Chemotherapy drugs are powerful meds that attack rapidly growing cancer cells. Unfortunately, these drugs also attack other rapidly growing cells in your body — including those healthy cells that control your hair among other things. Having your hair fall out post chemo is weird. For me, this is my second time around with hair loss. I’ve learned from previous experiences that you just have to shave it right away. If you don’t, the hair will accumulate on your pillow, on the couch, or in the sink or shower. Clumps fall onto your shirt or into your hand as you rub your fingers alongside your head. For most cancer survivors, it is an experience they will never forget. Just like remembering where you were on 9/11, or for older adults when the Challenger exploded, or for Meg when the Red Sox finally won the World Series – I remember in a split second the two times now my hair started falling out.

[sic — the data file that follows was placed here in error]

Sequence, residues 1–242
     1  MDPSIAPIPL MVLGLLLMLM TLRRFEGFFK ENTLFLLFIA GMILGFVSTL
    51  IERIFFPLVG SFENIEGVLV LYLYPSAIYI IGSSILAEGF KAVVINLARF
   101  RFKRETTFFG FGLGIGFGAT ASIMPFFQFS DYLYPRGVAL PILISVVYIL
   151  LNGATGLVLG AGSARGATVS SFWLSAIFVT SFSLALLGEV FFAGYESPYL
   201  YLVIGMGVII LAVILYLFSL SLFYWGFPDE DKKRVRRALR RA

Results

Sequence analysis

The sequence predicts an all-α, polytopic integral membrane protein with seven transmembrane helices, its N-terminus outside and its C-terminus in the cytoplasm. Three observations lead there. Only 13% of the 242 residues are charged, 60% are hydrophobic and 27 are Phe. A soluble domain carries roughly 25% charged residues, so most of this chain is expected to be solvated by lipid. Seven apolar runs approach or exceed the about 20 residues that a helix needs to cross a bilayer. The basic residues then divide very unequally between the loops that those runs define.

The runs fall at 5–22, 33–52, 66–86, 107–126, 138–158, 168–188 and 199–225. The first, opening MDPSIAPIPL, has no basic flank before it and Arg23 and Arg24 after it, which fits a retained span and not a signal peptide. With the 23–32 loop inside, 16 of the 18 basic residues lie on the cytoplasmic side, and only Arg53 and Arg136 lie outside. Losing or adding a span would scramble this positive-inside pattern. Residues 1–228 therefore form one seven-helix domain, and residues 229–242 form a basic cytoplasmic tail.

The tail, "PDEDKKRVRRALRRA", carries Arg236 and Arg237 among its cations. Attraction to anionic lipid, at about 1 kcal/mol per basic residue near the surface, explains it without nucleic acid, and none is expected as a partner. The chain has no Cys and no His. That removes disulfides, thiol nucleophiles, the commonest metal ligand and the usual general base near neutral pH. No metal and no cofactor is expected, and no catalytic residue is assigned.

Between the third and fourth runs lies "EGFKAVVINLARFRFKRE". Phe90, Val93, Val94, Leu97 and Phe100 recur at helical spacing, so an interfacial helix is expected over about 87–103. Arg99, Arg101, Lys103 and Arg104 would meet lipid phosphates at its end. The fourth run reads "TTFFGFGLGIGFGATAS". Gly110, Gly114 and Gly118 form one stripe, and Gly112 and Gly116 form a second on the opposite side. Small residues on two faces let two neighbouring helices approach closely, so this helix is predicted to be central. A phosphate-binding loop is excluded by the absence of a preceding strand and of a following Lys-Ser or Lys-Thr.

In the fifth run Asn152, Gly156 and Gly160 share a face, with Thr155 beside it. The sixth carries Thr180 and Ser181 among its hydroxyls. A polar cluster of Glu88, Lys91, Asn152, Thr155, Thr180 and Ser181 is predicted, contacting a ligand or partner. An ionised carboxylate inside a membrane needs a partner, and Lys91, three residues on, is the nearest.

Even though I never really had much hair to begin with, it’s still sad when it happens. That sadness is not for vanity reasons, at least not for me. While I know it’s no big deal, as a cancer survivor your hair falling out still represents a moment in time that unhappiness wins. Unhappiness wins as a result of cancer having a physical presence in my life. On days you want to forget, it’s there to remind of the fight that lies ahead.
I’m lucky I have a decent shaped head that looks better than most other aging males. I'm lucky I found a wonderful woman that will still love me. I'm lucky that bald is the new look in Hollywood and I'm just another star waiting for my shot at the big screen.
There are few other perks of losing your hair! I won’t have to shave, worry about an embarrassing nose hair sticking out, or sweating profusely – all the guys know what I’m talking about, especially you Bill. Ok - tmi...
Hope Lives On with LIVESTRONG Fertility
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